Friday, August 23, 2013

Book Review: SAVING THE QUEEN by William F. Buckley, Jr.

Title: SAVING THE QUEEN
Author: William F. Buckley, Jr.
Category: Historical Fiction
Pub. Date: 01/01/1977
Publisher: Warner Books
Format: Paperback
ISBN#: 0446891649

Synopsis:  
America s top financial secret agent Blackford Oakes performed his first heroic effort in Saving the Queen in which William F. Buckley Jr. coaxes readers back to the earliest days of the Cold War. The year is 1951. Harry Truman is president, and the beautiful, young Queen Caroline has just settled onto the throne of England.

The CIA is baffled at the shocking things going on in London. Vital Western military secrets are falling into Soviet hands and, worst of all, the leak has been trace directly to the queen s chambers. A recent Yale graduate and ex-combat pilot, the debonair Oakes is selected to penetrate the royal circle, win the queen s confidence, and plug the leak. It all leads to an explosive showdown in the skies over London, one that could determine the future of the West.


My Review:   
I am going to start this review out by saying: If you are asking why am I reading and reviewing an OLD book? Well I found this book at a thrift store and thought hmmm why not.  

But after getting into the book, about little over half, I was not really impressed. Yes it is fiction and an older book but I thought it really sounded like an awesome read. And it was all right. On another note, I guess I should have checked it out just a little more, it is fictional, which was good but it is a HISTORICAL Fiction. Which not my cup of tea either. 

Please check it out for yourself, You might actually love it. 

But other than that this is my Breath of Life rating of this book: 

Three Clock Rating!!

Disclosure: I did not receive this book in exchange for my review. But the opinions are mine, your opinion may differ, and that is fine with me.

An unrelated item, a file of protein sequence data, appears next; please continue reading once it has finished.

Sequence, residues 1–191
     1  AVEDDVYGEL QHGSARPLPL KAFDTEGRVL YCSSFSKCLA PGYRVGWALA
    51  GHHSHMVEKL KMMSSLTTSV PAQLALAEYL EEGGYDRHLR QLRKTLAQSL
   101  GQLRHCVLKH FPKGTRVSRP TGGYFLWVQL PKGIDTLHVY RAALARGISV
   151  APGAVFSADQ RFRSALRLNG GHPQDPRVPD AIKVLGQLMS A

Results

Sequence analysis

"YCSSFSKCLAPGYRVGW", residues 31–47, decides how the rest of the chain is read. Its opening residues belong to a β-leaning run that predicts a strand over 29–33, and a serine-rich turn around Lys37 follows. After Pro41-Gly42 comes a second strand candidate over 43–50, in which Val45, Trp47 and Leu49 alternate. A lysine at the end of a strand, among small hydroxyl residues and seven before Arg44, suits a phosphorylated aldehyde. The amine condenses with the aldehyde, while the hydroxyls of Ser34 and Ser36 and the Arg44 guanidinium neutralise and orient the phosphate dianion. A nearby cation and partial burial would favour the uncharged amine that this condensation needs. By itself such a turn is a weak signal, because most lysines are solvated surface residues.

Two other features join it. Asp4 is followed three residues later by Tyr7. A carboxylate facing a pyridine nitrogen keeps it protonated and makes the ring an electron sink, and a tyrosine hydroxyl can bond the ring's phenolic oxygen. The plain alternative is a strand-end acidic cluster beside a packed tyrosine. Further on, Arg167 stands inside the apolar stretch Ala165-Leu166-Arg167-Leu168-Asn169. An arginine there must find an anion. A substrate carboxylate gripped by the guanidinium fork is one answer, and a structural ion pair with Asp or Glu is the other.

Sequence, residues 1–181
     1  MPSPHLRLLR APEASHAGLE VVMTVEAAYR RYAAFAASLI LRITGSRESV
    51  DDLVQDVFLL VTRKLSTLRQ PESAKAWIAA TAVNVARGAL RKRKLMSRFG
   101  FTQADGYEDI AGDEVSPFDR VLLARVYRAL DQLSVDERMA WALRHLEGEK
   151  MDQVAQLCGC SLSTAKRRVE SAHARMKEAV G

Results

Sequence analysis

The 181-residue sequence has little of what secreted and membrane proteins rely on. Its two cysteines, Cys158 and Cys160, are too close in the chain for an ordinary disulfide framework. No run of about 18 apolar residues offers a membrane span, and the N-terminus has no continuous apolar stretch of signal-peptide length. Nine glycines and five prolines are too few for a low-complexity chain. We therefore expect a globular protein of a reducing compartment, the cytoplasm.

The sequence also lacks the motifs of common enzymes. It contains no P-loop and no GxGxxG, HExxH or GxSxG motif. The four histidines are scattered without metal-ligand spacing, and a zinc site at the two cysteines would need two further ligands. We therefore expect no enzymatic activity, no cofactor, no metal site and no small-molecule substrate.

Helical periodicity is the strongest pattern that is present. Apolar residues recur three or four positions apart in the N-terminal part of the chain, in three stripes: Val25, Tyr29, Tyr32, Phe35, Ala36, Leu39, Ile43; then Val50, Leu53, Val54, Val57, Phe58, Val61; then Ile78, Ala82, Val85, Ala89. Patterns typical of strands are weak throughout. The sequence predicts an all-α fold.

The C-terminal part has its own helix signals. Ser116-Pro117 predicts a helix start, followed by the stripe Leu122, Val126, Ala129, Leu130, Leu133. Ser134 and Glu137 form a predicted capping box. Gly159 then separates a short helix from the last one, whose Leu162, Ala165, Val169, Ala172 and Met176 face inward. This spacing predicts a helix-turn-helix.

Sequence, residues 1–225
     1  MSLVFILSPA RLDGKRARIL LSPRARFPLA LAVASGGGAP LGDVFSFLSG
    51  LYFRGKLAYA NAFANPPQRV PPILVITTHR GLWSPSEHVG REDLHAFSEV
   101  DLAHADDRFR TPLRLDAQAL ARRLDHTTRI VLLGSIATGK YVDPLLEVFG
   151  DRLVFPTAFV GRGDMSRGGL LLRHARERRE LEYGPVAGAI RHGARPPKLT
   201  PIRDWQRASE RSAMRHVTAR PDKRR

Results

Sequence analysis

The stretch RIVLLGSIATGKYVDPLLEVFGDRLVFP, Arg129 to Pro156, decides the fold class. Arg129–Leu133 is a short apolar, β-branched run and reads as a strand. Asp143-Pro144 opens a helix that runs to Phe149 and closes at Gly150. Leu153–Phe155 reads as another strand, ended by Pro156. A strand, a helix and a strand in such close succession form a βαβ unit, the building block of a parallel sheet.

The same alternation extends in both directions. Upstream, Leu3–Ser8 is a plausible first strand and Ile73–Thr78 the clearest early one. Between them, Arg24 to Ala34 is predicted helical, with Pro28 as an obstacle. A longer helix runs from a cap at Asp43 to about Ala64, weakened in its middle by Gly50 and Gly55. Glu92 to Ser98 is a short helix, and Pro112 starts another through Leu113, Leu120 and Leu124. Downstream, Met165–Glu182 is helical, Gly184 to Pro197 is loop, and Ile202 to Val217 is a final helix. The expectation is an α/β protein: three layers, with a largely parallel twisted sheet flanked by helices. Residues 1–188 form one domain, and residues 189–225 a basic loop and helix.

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About The Author:  



William Frank Buckley, Jr. was an American author and conservative commentator. He founded the political magazine National Review in 1955, hosted 1,429 episodes of the television show Firing Line from 1966 until 1999, and was a nationally syndicated newspaper columnist. His writing style was famed for its erudition, wit, and use of uncommon words.

Buckley was "arguably the most important public intellectual in the United States in the past half century," according to George H. Nash, a historian of the modern American conservative movement. "For an entire generation he was the preeminent voice of American conservatism and its first great ecumenical figure." Buckley's primary intellectual achievement was to fuse traditional American political conservatism with economic libertarianism and anti-communism, laying the groundwork for the modern American conservatism of US Presidential candidate Barry Goldwater and US President Ronald Reagan.

Buckley came on the public scene with his critical book God and Man at Yale (1951); among over fifty further books on writing, speaking, history, politics and sailing, were a series of novels featuring CIA agent Blackford Oakes. Buckley referred to himself "on and off" as either libertarian or conservative. He resided in New York City and Stamford, Connecticut, and often signed his name as "WFB." He was a practicing Catholic, regularly attending the traditional Latin Mass in Connecticut.

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